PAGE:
There are six parts to Professor Hunter’s investigation into why some people need more frequent injections than others.  The first part involved sending out urine sample kits to the participants which, when returned to the office, were frozen.  The participants were all patients who need more frequent treatment than the currently prescribed 12 weekly injection.  The second part involves sending out faecal sample kits to the same participants which will be returned to the Gastrointestinal Laboratory in Port Talbot.

This second part should have been a doddle.  The record keeping is being overseen by Taylor Morgan who has recently completed the registration process to become a registered Biochemical Scientist (well done that girl) and involves codes and indexing so that the patient’s name is not associated with any samples and only Taylor knows the name of the individual who is known to the laboratory and Prof Hunter and his team only as a reference number.  This is to maintain patient anonymity and was a requirement for the Medical Ethics Approval.  Anyway, all of that has been taken care of and the packs were put together by Taylor on Thursday night for posting yesterday – Friday.  The dates were important because the samples have to be returned to the laboratory at the beginning  of the week as there is nobody at the laboratory to receive the samples at the weekend.  So, yesterday I left the office with the box full of samples to be sent off.  But there was a problem.  Since the laboratory had sent us the reply envelopes with their address on and the postage pre-paid there has been a postal charge increase. Hence the postage applied by the laboratory was now out of date.  Not a problem you might think, simply add the extra stamp (which was 5p).  And so off I toddle to the post office, buy the necessary 5p stamps and then proceeded to add these to the return envelopes.  And then it was when disaster happened.  I placed the return envelope into the large envelope that contained the sample pot, latex Wax_seal_with_impression_of_uppercase_letter_Agloves, plastic spoon (I know), sealing tape and instruction leaflet – it was rather a full envelope as you can imagine.  Now, the post was due to be collected at 1pm.  The time was 12.30 and now all that remained was to seal the envelopes and hand them over the post office counter.  And that was when the problem occurred. You see, for some reason the envelopes wouldn’t seal.  They were completely open.  And that was when I begged the Post Master to let me have some sealing tape and I frantically set about sealing the envelopes which was a much more difficult thing to do than I would ever have imagined.  At 2 minutes past 1 I sealed the last one just as the post office delivery person arrived at the post office.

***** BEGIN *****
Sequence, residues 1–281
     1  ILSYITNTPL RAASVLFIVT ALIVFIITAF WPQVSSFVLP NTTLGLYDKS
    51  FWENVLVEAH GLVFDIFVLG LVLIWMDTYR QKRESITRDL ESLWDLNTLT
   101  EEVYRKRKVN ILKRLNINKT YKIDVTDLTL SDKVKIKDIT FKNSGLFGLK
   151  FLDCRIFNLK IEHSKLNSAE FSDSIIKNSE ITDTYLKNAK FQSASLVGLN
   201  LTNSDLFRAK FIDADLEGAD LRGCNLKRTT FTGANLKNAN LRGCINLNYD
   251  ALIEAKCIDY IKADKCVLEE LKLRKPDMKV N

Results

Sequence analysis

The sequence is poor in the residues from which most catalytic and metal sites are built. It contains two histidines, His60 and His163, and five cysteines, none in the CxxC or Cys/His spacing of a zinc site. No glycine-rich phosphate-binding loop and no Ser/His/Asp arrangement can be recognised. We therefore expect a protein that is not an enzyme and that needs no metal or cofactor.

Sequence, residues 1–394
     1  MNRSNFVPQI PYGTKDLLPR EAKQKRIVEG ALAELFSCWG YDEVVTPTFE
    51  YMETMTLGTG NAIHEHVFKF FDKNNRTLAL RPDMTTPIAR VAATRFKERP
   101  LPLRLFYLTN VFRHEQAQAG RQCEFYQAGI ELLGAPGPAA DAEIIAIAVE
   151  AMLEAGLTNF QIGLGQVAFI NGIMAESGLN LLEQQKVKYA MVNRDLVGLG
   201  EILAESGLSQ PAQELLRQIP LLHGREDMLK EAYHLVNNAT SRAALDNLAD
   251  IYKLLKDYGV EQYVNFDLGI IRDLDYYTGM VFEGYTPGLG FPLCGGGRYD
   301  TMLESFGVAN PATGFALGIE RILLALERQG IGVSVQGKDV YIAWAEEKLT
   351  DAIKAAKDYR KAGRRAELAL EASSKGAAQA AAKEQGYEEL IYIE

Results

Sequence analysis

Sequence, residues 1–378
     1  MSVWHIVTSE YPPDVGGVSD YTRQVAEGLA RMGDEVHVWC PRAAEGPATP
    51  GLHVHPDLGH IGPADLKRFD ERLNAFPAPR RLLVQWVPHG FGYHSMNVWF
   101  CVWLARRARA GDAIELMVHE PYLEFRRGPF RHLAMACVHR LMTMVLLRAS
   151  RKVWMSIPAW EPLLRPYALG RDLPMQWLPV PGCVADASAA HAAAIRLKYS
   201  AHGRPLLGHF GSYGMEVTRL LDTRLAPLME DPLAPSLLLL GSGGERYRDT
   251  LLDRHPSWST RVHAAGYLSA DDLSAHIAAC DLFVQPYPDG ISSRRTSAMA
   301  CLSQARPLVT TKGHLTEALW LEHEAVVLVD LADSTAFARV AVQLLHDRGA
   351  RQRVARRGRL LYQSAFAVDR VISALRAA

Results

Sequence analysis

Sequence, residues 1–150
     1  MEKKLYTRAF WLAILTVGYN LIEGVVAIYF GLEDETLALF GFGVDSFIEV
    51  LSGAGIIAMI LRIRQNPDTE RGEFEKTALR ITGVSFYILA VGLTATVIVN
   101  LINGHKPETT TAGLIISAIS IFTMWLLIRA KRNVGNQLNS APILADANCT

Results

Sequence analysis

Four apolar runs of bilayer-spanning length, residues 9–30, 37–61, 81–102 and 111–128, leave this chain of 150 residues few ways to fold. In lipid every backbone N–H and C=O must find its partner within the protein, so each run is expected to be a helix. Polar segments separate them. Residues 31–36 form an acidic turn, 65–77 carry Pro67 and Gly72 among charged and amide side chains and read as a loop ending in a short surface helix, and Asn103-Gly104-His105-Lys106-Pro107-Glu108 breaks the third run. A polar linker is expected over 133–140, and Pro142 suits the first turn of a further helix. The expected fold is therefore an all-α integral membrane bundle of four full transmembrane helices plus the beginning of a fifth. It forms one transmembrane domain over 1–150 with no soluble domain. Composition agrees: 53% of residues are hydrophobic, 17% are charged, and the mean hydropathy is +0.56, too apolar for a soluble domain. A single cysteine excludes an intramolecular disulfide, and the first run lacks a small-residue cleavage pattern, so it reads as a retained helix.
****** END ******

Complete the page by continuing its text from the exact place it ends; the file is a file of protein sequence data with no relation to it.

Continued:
So, if you are taking part in this research programme, please accept my apologies for the way in which the envelope that you should hopefully receive today is sealed.  I did my best in unforeseen circumstances.  For the first time in my life I wished I’d had some sealing wax….